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The Watkins Dictionary of SymbolsReview - The Watkins Dictionary of Symbols
by Jack Tresidder
Watkins, 2008
Review by Rob Harle
Dec 16th 2008 (Volume 12, Issue 51)

Jack Tresidder has undertaken a huge amount of research to compile this comprehensive dictionary of symbols. There are over one thousand entries, in alphabetical order, starting with Acacia (a symbol of immortality) and finishing with Zodiac (a celestial power path).

It is fully cross referenced, so that within the textual explanation of a symbol, words emboldened refer to other symbol entries in the dictionary. In addition to the main dictionary there is an Index of Supplementary Words. These cover real or mythological people, places, events and symbolic themes that are discussed in the main dictionary but do not appear as separate entries.

Symbols are not signs, a sign points to a location for example, whereas a symbol leads beyond itself to different layers of meaning, quite often metaphorical. "Traditional symbols form a visual shorthand for ideas – and yet their functions and meanings extend to much more than that. For thousands of years they have enabled sculptors, painters and craftsmen to embody and reinforce deep thoughts and beliefs about human life in single, immediate and powerful images" (p. x)

It is somewhat ironic, though understandable, that there is not one single image in this dictionary when the power of symbols is mainly visual. If images had been included with each text entry the dictionary would have become a huge, and I imagine much more costly book. There is a wealth of information in most entries which will help the reader find visual representations of the symbol from other sources if required. For example, if an artist wanted to use the symbolic Acanthus in a painting, this dictionary will give him or her the meaning as the symbol of "life's trials surmounted" (p. 1) but the shape and form of the Acanthus would need to be found elsewhere.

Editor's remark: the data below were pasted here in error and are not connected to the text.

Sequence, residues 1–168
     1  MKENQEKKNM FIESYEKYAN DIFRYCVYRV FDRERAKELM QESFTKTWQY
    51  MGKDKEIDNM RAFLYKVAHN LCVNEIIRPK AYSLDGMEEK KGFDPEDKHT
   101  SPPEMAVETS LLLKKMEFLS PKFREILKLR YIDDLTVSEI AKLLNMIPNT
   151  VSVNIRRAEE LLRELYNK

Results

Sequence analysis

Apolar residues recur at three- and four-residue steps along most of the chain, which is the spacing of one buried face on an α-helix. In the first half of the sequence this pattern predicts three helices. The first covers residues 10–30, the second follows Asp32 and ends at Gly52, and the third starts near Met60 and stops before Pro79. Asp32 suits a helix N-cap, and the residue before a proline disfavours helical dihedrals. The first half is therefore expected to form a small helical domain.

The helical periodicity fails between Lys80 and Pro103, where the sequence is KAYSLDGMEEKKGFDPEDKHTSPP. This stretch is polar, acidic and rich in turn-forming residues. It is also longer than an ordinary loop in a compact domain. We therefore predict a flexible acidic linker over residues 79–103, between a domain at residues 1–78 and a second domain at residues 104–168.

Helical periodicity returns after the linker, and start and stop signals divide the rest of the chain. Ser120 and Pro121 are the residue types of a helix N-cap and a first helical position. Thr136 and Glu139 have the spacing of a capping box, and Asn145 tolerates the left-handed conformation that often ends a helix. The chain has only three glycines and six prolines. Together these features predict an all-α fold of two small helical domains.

Tresidder notes that symbolic images long predated writing, "...the most important symbols represented attempts to give order and significance to human life in a mysterious universe" (p. x) One of the most powerful group of symbols are those connected with astrology and the zodiac. The earliest records of these I understand can be found in Chaldean culture. Despite the complete lack of scientific support for astrology, it still remains a powerful and influential system of symbols which people use to guide or understand their life. This example attests to the power and usefulness of symbols to go beyond their immediately obvious meaning.

This book will be a useful, and I predict, an often used addition to the bookshelves of a wide variety of individuals such as artists, craftspeople, writers, poets, scholars of religion, spirituality and mysticism. It will also be invaluable to those involved in psychotherapy, dream analysis and many branches of psychology. Jung for example did extensive work with symbols and their meanings, leading to archetypes, in an attempt to help others reach a more balanced and complete self or personality. This book will help us understand the symbols that surround us and in doing so enrich our lives.

© 2008 Rob Harle

Rob Harle is an artist and writer, especially concerned with the nature of consciousness and high-body technologies. His current work explores the nature of the transition from human to posthuman, a phenomenon he calls the technoMetamorphosis of humanity. He has academic training in philosophy of mind, comparative religious studies, art and psychotherapy. Rob is an active member of the Leonardo Review Panel. For full biography and examples of art and writing work please visit his web site: http://www.robharle.com


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